Author: Andrew Kelly Stewart
Released: March 9, 2021
Warnings: Kidnapping, abuse, starvation
I received a copy of We Shall Sing a Song Into the Deep in exchange for a fair and honest review.
Andrew Kelly Stewart’s debut novella, We Shall Sing a Song Into the Deep has got to be one of the most unique reads I’ve ever had the luxury of experiencing, and I would like to think that this is saying something.
Remy is a Chorister, and while they remember a life before that, they don’t remember much. Now it is their job to sing the Hours and keep the mission going. To keep souls and beings soothed. It’s a sacred job, or so Remy has been told.
Remy and their cohorts all live onboard the Leviathin, one of the last nuclear subs – with a deadly mission. However, Remy has a secret of their, or rather, her own. She’s a girl hidden in a group of boys, a secret which belies her sweet singing voice. And it’s that difference that results with her getting tasked with an all-new mission.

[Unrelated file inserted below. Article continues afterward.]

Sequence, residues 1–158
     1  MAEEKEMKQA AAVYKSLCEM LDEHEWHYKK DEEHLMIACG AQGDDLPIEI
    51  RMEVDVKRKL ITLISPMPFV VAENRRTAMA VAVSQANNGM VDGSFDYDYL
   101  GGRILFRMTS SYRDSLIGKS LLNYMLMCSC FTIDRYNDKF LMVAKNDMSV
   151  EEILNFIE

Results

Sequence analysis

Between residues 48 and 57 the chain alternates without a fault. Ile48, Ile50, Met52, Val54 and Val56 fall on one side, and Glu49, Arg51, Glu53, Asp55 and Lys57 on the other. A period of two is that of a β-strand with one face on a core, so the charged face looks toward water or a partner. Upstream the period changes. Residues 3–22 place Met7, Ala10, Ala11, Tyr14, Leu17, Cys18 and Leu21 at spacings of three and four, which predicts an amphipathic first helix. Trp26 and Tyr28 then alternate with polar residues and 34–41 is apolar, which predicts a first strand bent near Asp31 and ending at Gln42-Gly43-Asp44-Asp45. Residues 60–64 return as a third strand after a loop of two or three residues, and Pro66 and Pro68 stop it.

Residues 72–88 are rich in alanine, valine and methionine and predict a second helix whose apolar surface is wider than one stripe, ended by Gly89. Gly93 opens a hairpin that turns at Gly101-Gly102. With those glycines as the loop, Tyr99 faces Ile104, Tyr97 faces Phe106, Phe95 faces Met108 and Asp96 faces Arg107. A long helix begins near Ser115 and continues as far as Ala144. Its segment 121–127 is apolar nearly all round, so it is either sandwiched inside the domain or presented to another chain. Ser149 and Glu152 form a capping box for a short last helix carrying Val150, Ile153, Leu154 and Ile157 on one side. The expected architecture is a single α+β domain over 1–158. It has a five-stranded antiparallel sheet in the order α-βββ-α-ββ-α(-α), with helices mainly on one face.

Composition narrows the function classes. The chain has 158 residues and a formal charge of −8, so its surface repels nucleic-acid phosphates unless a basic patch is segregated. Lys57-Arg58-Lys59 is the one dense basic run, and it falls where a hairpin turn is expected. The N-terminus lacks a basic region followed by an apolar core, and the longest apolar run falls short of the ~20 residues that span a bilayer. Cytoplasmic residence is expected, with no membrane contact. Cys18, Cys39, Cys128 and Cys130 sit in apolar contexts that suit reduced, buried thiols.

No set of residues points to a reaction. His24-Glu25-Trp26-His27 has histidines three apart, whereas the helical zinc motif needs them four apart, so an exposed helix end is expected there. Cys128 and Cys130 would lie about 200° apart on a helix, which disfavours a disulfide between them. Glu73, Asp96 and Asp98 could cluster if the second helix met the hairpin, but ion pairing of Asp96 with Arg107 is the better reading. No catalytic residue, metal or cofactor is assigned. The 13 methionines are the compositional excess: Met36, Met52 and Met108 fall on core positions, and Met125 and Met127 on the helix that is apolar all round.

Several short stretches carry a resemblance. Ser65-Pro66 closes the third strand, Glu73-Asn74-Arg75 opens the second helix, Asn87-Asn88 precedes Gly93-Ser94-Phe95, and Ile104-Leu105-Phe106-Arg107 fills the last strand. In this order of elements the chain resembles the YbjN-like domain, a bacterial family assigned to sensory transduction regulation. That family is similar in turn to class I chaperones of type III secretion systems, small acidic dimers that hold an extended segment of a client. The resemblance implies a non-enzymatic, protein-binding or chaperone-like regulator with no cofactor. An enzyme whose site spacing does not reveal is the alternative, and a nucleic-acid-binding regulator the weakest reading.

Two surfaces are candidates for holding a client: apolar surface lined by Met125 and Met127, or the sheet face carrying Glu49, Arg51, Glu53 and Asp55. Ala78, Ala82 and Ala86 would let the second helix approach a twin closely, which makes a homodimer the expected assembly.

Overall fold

“Our collective hum joins the unending chorus of loud pinging, knocking, clanging.”
I can tell you with complete and total honesty that I have never read a novella quite like We Shall Sing a Song Into the Deep. It was richly detailed, wonderfully written, and oh so compelling. It also did an excellent job of getting that brain of mine working, coming up with theories and much more.
It took me a little bit of time to get into Remy’s story, but once I did, boy was I invested in what was happening! It was fascinating, trying to figure out how the world got to this point, what was actually happening, and who was trying to get what done.
The best part? Or perhaps the worst, depending on how you want to look at it. There’s this lingering sense of paranoia and claustrophobia. It gets worse with time, as it feels like the submarine which has been Remy’s home begins to close in on her. It’s terrifying. And brilliant.
This is one of those novellas that makes me excited to see what else an author will create in time. I can’t wait to see what Andrew Kelly Stewart writes next, and I know I’ll be reading it, whatever it is.